What are dual-format editions?
Dual-format editions include both Blu-ray and DVD versions of a film in a single package. All supplements are available across both formats.
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Cutthroat careerism, wild sex, and fierce female protagonists are all on offer in this adaptation of Jacqueline Susann’s sensational and wildly popular novel.
No matter what genre he worked in, Howard Hawks played by his own rules, and never was this more evident than in his first western, the rowdy and whip-smart Red River.
This Cannes-award-winning romantic comedy channels the spirit of classic Hollywood and the whimsy of Jacques Tati into an idiosyncratic ode to the delirium of new romance.
Electrified by crackling dialogue and visual craftsmanship of the great Howard Hawks, Only Angels Have Wings stars Jean Arthur as a traveling entertainer who gets more than she bargained for during a stopover in a South American port town.
Two-bit hustler Harry Fabian (Richard Widmark) longs for “a life of ease and plenty.” Trailed by an inglorious history of go-nowhere schemes, he tries to hatch a lucrative plan with a famous wrestler.
An island off the New England coast, summer of 1965. Two twelve-year-olds, Sam and Suzy, fall in love, make a secret pact, and run away together into the wilderness.
With its fascinating flawed characters, evocative cinematography by the great Vilmos Zsigmond, innovative overlapping dialogue, and haunting use of Leonard Cohen songs, McCabe & Mrs. Miller brilliantly deglamorized and revitalized the most American of genres.
Brazen and bleak, Kiss Me Deadly is a film noir masterwork as well as an essential piece of cold war paranoia, and it features as nervy an ending as has ever been seen in American cinema.
This multilayered, noirish descent into one man’s personal hell is also a surreal, metacinematic journey that, two years after the phenomenon Se7en, further demonstrated that director David Fincher was one of Hollywood’s true contemporary visionaries.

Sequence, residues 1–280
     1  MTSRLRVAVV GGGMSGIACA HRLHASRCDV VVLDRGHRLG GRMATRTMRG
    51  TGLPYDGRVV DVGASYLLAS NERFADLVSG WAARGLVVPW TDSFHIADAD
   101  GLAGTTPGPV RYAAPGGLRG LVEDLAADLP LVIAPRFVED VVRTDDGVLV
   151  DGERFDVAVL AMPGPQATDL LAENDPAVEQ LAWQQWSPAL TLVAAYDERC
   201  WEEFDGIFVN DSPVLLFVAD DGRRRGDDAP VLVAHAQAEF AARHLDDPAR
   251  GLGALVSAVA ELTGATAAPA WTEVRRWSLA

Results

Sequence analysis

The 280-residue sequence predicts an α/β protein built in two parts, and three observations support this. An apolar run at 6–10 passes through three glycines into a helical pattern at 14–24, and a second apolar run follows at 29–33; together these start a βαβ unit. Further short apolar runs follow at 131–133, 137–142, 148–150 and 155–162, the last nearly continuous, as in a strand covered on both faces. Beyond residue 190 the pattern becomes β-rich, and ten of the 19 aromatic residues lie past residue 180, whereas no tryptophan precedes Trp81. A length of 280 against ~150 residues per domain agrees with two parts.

Before he became a sensation with the twisty revenge story Memento, Christopher Nolan fashioned this low-budget, 16 mm black-and-white neonoir with comparable precision and cunning.
Stanley Kubrick’s painfully funny take on Cold War anxiety is one of the fiercest satires of human folly ever to come out of Hollywood.
Allowing us to watch people age on film with documentary realism while gripping us in a fictional narrative of exquisite everydayness, Boyhood has a power that only the art of cinema could harness.
Assembled with visionary editing that makes dance come alive on-screen as never before, and overflowing with sublime footwork, All That Jazz pushes the musical genre to personal depths and virtuosic aesthetic heights.
Kirk Douglas gives the fiercest performance of his career as Chuck Tatum, an amoral newspaper reporter who washes up in dead-end Albuquerque, happens upon the scoop of a lifetime, and will do anything to keep getting the lurid headlines.
Guillermo del Toro made an auspicious, audacious feature debut with Cronos, a highly unorthodox tale about the seductiveness of the idea of immortality. Cronos is a dark, visually rich, and emotionally captivating fantasy.
This singular vision of early seventeenth-century America from Terrence Malick is a work of astounding elemental beauty, a poetic meditation on nature, violence, love, and civilization.
This smash road comedy from Oscar-winning director Alfonso Cuarón is a funny and moving look at human desire.